The policy change will come with "supportive measures, which will be conducive to improving our country's population structure, fulfilling the country's strategy of actively coping with an ageing population", the official Xinhua news agency said following a politburo meeting chaired by President Xi Jinping. Though China tried to encourage young couple have more than one baby, the birth rate keeps decreasing in recent years.
According to China's National Bureau of Statistics, the population rose by just 5.38% over the past decade - the slowest growth rate since at least the 1960s. It wasn't clear when the move would take effect, although the meeting was to discuss major policy measures to be implemented in the five-year period which started this year, according to Xinhua. An ageing population and shrinking birth rate does not have a positive impact on the long-term economic prospects of the country.
In 2016, China scrapped its decades-old one-child policy - initially imposed to halt a population explosion - with a two-child limit, which failed to result in a sustained surge in births as the high cost of raising children in Chinese cities deterred many couples from starting families. As evinced from its policies, the country is looking to reverse the declining birthrate.
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But later Saturday, Communications Minister Patrick Muyaya tweeted: "The evacuation plan for the city of #Goma has been activated. Auto horns honked and motorcycle taxis weaved as people attempted to escape in panic.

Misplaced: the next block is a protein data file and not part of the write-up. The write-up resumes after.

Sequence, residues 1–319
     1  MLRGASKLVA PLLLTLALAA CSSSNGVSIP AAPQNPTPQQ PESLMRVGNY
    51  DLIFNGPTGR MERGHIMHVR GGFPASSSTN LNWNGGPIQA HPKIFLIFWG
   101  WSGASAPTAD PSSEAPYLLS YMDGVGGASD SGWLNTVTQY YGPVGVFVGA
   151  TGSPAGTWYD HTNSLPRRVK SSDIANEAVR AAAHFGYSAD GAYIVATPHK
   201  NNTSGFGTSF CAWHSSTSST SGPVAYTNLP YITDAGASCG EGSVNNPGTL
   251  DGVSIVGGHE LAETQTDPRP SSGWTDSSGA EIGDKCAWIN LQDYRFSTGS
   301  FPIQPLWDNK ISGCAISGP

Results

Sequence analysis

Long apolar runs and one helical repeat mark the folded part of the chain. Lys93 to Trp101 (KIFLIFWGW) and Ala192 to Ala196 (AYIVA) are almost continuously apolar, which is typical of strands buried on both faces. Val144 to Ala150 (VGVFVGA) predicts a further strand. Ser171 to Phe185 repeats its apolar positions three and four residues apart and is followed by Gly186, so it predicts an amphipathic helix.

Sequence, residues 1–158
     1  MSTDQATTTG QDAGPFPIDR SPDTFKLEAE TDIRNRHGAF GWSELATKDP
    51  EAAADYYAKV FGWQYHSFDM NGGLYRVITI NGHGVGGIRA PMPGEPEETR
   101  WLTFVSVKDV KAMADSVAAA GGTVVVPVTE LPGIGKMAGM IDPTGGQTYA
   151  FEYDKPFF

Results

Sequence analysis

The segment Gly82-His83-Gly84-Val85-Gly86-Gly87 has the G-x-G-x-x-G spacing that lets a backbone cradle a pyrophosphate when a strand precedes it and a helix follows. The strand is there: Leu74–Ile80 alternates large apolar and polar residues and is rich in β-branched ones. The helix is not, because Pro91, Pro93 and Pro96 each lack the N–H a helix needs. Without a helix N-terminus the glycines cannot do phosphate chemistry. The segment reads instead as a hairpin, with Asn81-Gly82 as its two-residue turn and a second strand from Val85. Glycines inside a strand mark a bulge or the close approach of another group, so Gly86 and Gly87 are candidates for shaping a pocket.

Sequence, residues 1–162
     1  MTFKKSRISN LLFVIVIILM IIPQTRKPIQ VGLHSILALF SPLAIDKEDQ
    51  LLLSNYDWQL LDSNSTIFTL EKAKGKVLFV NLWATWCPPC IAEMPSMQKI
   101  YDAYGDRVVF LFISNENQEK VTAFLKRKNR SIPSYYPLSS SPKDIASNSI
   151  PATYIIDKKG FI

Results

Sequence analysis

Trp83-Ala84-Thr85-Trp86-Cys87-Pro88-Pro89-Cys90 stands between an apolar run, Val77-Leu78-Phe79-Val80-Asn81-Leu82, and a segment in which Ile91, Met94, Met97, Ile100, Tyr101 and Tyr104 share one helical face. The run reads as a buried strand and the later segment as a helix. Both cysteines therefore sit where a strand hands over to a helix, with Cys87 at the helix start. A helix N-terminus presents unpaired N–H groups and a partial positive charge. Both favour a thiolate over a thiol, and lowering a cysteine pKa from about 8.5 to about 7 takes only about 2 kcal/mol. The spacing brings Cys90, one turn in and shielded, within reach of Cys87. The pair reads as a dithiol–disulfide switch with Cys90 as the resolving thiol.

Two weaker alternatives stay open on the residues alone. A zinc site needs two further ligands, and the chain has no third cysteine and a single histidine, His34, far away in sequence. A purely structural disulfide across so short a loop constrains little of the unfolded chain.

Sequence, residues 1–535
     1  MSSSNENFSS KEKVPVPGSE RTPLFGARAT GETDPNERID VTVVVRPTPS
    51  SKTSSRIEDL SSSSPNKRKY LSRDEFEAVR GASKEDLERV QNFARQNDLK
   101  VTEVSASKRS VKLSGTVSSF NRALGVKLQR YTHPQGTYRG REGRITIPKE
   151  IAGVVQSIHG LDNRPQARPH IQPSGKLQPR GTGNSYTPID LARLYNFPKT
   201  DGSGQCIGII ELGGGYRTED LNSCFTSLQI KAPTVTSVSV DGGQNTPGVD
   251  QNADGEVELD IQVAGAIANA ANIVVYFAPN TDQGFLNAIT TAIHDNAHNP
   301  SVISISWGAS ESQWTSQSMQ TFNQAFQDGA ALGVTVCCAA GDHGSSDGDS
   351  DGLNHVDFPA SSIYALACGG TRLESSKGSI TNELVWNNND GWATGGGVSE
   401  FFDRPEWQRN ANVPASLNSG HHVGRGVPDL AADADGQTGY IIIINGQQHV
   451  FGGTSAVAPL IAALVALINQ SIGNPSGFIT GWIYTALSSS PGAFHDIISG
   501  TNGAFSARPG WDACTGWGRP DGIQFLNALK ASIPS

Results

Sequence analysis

Instead, since 2013, they loosened the single child rule and allowed couples where one was an only child to have a second offspring.
Also on Monday, the politburo said it would phase-in delays in the country's retirement ages but did not provide any details. The annual average population growth of 0.53 per cent in the last decade was the lowest since the 1950s.
China's census, released earlier this month, showed that around 12 million babies were born a year ago - a significant decrease from the 18 million in 2016, and the lowest number of births recorded since the 1960s. "It is estimated that China's total population will remain at more than 1.4 billion in the near future", Ning said.